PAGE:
The World Bank estimates that only 10 percent of Afghans hold an account with a financial institution, far below the average of 22 percent for low-income nations. The reasons for this are numerous: many Afghans report mistrust of banks, some lack the proper documentation to access financial services, and those living outside major population centers find great difficulty in even traveling to a bank. Of particular note from the World Bank’s Global Findex is that nearly one-quarter of those surveyed in Afghanistan responded that religious reasons play a role in their choice not to have a bank account. Similarly, a majority of business owners responded in a separate survey that they prefer non-interest-based financial products that are sharia-compliant. These findings suggest that a critical barrier to expanding Afghans’ access to finance is the availability of services and products that they feel comfortable using — that is to say, Islamic banking.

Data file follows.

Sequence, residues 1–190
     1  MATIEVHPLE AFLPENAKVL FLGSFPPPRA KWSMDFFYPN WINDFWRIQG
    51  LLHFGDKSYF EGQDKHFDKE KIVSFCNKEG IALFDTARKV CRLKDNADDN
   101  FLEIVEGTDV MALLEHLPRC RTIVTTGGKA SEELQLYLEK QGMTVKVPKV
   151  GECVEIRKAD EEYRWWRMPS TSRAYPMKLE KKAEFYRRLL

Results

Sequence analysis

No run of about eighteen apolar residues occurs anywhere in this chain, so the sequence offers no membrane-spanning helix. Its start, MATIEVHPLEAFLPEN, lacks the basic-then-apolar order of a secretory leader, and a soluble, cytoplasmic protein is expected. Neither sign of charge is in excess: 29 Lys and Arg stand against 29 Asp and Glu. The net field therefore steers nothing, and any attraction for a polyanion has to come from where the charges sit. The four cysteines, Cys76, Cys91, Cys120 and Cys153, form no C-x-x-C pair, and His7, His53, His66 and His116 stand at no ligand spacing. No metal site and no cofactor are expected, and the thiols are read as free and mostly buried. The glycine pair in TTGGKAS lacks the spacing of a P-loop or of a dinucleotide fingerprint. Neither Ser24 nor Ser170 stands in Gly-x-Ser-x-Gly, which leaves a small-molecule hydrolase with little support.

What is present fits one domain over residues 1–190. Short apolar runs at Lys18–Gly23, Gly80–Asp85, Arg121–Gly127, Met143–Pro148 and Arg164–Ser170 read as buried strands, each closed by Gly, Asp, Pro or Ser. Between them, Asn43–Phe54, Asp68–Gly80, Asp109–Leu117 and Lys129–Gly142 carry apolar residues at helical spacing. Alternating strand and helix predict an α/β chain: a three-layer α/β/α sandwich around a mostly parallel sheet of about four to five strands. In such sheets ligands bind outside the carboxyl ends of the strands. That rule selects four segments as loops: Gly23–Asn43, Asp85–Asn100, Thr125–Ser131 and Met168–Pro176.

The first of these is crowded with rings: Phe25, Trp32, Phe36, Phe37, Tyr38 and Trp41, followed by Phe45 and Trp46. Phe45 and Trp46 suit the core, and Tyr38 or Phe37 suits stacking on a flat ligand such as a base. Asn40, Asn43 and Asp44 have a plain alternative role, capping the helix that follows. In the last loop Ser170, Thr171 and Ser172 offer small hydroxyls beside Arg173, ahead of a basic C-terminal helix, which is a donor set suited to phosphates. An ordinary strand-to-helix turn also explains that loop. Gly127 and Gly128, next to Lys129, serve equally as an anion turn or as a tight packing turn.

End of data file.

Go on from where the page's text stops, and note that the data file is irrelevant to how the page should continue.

For more on this story visit the following link: Can Islamic Banking Increase Afghans’ Access to Finance?